Honestly thinking (& rethinking) about God, the universe, and everything in between

Tag: hearing god

Can You Pass the Multiple Choice Test?

(Part One of “Hearing God’s Voice”)

35,000.

That’s what neuroscientific researchers claim is the average number of choices a person makes per day.

Talk about multiple choices!

I’m not the first one to write about this figure. Do a quick Google search and you will quickly see a vast array of articles on the topic related to mental health, decision fatigue, leadership strategies, dieting, creativity, or any number of areas you can think of.

Of course, many of those articles exist in order to provide helpful strategies for overcoming and success in each of these areas, and I’m sure a number of them are helpful.

Few people that I know actually experience true peace.

I’m also certain that anyone who takes a look around at the world we live in will quickly conclude that a large number of people continue to make poor decisions every single day. Likely, if you honestly examine yourself, you will also conclude that there are many decisions you make daily that you constantly question – either regretting past decisions, fearing the consequences of current choices, or anxious about future ones.

Few people that I know actually experience true peace. In fact, I would say I don’t know anyone who doesn’t experience regret, fear, or anxiety on at least some small level every day. While regret can sometimes be good in terms of helping us to make better future decisions, and fear can be warning signals to avoid danger, many times they can also overwhelmingly control us and actually cause us to make future poor decisions – thus, creating a vicious cycle of poor choices, shame and fear, poor choices to cover the shame and fear, more shame and fear, etc.

That 35,000 number, of course, is not just about the big decisions. It has to do with minute choices you make second by second, such as your choice to even click on this article or whether to continue reading past this sentence. A significant percentage are often on a much more subconscious level.

I point this out because I believe these 35,000 choices have a much greater impact on everything than we tend to realize and are ultimately at the root of every single problem we experience today.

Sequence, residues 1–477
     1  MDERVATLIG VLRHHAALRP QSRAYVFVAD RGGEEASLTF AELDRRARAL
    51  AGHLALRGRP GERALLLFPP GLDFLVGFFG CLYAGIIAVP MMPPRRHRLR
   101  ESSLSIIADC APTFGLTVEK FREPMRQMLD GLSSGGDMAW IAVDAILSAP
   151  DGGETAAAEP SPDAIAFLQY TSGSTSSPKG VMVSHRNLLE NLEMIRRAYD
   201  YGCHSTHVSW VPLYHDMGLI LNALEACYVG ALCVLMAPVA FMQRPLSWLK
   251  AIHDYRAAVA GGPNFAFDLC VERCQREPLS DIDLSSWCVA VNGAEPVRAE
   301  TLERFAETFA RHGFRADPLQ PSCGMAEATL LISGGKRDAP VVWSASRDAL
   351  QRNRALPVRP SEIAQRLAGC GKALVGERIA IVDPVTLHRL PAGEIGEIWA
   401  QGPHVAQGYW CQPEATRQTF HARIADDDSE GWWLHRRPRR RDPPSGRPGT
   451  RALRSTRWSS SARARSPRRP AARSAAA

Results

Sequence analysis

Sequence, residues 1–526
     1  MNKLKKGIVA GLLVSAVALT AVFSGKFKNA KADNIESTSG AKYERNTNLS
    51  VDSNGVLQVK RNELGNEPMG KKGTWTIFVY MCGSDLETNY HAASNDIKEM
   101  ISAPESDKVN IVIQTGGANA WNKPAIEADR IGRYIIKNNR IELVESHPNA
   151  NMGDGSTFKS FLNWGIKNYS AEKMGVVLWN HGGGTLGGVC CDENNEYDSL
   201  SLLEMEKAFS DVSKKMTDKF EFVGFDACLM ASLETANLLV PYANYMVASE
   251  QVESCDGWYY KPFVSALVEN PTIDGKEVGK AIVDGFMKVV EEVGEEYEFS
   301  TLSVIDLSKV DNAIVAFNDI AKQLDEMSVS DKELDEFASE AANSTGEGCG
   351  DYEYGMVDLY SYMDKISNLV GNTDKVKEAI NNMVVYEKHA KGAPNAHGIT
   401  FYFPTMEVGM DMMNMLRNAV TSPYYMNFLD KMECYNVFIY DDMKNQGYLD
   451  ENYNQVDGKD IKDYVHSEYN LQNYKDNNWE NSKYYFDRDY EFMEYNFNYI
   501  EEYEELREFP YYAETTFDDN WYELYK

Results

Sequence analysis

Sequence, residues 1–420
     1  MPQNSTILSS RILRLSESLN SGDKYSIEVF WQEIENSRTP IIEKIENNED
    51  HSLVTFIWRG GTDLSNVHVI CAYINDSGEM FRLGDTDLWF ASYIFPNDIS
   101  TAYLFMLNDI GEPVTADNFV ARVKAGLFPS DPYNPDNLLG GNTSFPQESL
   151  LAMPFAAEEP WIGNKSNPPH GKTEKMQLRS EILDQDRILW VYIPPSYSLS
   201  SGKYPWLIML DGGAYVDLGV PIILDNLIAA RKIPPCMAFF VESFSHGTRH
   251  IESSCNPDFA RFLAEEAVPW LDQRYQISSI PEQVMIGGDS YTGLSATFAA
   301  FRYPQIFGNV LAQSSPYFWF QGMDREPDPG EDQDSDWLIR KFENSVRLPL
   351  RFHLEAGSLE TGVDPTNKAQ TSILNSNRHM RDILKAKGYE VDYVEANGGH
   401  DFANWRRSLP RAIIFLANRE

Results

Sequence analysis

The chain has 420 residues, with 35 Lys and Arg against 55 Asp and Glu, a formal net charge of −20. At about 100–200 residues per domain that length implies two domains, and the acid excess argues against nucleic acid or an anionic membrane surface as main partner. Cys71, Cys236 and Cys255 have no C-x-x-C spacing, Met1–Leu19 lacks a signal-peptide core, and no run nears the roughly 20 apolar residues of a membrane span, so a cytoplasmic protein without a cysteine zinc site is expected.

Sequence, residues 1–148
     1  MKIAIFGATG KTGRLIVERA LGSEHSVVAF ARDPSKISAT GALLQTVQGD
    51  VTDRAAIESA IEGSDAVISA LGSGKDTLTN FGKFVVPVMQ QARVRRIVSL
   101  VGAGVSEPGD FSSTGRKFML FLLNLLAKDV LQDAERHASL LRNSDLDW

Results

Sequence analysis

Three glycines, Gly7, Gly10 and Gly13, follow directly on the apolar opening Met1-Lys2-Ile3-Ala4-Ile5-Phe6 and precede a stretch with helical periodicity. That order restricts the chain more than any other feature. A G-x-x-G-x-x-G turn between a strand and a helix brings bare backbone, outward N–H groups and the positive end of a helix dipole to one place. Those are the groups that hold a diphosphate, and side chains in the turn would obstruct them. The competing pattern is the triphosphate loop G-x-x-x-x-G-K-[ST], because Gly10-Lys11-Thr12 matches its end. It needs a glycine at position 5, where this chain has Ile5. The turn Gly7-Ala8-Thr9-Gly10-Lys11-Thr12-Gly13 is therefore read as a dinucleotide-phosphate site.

With so many multiple choices to make each day, is there a way to pass this test? Continue reading

Life on Pause in the Time of Corona

It happened the other night.

After spending the last week barraged by constant news of the impending coronavirus pandemic heading our way, rushing out to Boston to help my son quickly pack and fly home as his college suddenly shut down, working overtime on the weekend in order to keep up with my workload, and various meetings at work to determine how best to respond to this crisis, I came home one evening, headed to the porch, plopped myself in the big brown, cushy office swivel chair (now repurposed as a “porch” chair), took in the warmth of the humidity gifted to us by the light drizzle of rain that had visited us earlier that day, appreciated the unusual silence from the lighter street traffic due to “social distancing,” intermixed with the sound of crickets happily chirping away apparently unaware of the potential calamity us humans faced, and for the next hour I thought about…….nothing.

I needed my nothing moment.

I needed my life to be on pause… just for a moment.

And it was good.

Of course, none of us can truly think about nothing; but with no agenda to accomplish, no pressing questions requiring immediate answers and no media to distract, it at least allows for your brain to sort of reset.

And I couldn’t help but walk away from that moment thinking that perhaps that is exactly what’s going on. Perhaps with all of us forced into solitude and with many of us either forced to stop work or to at least change our usual routines, this is God’s way of putting all of our lives on pause.

And not just my neighborhood or my country, but the whole world.

As a meme I recently read on Facebook stated, “I can’t help but feel this is like the earth sending us to our rooms to think about what we’ve done.”

This is not the first time I’ve had to have a “pause” moment. In fact, it’s become a more routine part of my life lately. I’ve shared openly on this blog about some of the mental health crises my immediate family has struggled through. What I haven’t shared is my own mental health crisis I experienced a little over a year ago. Continue reading

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